Renken handled the bulk of the announcements (in good English and with good humour) and appeared to be the leader but in reality this was a highly interactive trio with each member fulfilling a vital role with Oezsevim’s solid but colourful drumming forming the backbone of the group sound as Renken and Wahl either intertwined tightly or embarked upon exciting solo excursions.

Renken’s “Down The Road” showcased his trumpet skills in a fiery, freely structured dialogue with Oezsevim before a hooky riff kicked in and Wahl took off with an effects laden solo that made extensive use of his foot pedals and tremolo arm.

“April” featured Renken’s trumpet alternately floating and soaring above a chunky rock guitar riff and a solid drum groove. This was a piece that was structured like a rock song and deployed the classic grunge soft/loud dynamic and one could imagine a set of lyrics being added and the piece being performed by somebody like Foo Fighters or Red Hot Chilli Peppers.

A Wahl piece translating as “Arguing Roosters” saw the trio making use of sheet music to negotiate the exceptionally tricky unison passages before Renken and Wahl took flight with thrilling slash and burn solos.

Not quite every piece was announced and the trio’s penultimate number (on reflection I think it may have translated as “Night Owls”) represented something of a pause for breath as Zodiak slowed things down with a spacey, impressionistic number as Wahl looped and layered his sound, creating impressive washes of sound through the use of foot pedals, tone controls and tremolo arm as Oezsevim’s cymbals shimmered atmospherically. Renken’s trumpet solo maintained the fragile atmosphere accompanied by the sound of brushed drums as Zodiak demonstrated their capacity for subtlety.

They closed with Renken’s “Dry Heat” which included some monster guitar riffing and more of the densely knit ensemble playing and instrumental interplay that defines the Zodiak sound. Although Zodiak were probably unknown to most of the audience they went down a storm with the Cardiff crowd and doubtless won themselves a whole lot of new admirers - and that surely is what Match & Fuse is all about, spreading the word for exciting new minority music.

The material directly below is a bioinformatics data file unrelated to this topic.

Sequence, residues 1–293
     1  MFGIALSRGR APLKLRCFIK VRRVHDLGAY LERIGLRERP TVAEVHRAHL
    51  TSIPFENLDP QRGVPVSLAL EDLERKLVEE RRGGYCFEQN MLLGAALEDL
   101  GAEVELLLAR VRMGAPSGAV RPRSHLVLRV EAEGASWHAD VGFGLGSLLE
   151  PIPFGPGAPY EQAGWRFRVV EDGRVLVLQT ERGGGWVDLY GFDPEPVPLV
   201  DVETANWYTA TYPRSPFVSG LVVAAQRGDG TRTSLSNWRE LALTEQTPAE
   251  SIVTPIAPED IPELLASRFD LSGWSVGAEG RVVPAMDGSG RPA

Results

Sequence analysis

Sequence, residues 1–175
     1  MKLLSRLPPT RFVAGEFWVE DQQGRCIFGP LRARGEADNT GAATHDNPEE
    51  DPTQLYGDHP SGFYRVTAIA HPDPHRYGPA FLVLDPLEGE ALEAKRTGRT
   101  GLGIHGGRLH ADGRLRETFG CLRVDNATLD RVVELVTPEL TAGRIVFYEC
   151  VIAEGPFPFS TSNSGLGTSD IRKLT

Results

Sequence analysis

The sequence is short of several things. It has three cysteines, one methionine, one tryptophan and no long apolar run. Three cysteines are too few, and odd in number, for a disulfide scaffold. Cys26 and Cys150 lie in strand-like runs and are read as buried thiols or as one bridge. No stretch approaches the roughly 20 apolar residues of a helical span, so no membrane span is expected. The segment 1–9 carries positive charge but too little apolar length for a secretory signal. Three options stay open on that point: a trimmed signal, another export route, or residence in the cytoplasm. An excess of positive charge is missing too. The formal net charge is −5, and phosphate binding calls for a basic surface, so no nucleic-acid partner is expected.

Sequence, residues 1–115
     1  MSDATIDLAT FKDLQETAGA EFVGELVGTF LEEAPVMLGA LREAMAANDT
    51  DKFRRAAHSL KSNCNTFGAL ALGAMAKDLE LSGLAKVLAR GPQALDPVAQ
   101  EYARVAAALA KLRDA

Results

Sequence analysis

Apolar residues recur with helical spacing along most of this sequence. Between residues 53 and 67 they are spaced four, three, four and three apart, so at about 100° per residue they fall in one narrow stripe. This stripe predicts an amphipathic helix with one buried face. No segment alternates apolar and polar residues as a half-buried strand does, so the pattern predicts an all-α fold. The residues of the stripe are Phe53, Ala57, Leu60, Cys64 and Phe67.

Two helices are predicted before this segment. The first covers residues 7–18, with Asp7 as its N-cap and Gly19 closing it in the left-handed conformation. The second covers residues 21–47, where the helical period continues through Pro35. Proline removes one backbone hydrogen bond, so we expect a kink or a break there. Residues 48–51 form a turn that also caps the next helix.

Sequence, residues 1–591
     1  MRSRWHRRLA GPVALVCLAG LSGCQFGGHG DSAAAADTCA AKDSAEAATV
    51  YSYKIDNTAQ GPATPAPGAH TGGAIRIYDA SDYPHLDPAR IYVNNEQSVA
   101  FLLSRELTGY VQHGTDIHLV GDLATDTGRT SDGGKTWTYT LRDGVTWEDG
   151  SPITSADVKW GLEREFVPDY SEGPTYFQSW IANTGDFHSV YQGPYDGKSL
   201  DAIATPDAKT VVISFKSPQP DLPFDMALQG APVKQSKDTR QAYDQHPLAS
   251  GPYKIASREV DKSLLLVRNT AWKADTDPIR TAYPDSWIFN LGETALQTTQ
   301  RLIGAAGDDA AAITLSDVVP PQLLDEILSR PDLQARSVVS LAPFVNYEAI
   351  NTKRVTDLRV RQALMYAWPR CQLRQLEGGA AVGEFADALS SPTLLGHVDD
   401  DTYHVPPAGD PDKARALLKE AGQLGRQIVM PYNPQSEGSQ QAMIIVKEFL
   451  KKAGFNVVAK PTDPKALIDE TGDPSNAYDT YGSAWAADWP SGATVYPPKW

The evening ended with the now customary “Fuse”, a mash up between the two bands with the hastily assembled octet powering their way through one of Zodiak’s compositions with Oezsevim and Waugh sharing a single drum kit. The eight piece was a mighty juggernaut as it romped through the hard riffing piece with three horns blazing and Chaplin doubling up with Wahl’s raw sounding guitar. Morecroft was the free agent in all this, delivering a crazed synthesiser solo over an already impressive wall of sound. Terrific stuff, and a second great Match & Fuse night at Dempsey’s.

It probably goes without saying that I love WSP’s music. But I was also hugely impressed with Zodiak Trio, a band that really deserves to be better known. “Acid” is a hugely impressive album, immaculately recorded and with a sharp, steely sound. There’s plenty of riffage to keep rock fans happy but moments of subtlety and contrast too and the conciseness of most of the tracks ensures that the listener is kept engaged and alert throughout. This is urgent, intelligent music that also packs a visceral punch and it deserves to be widely heard. Highly recommended.


blog comments powered by Disqus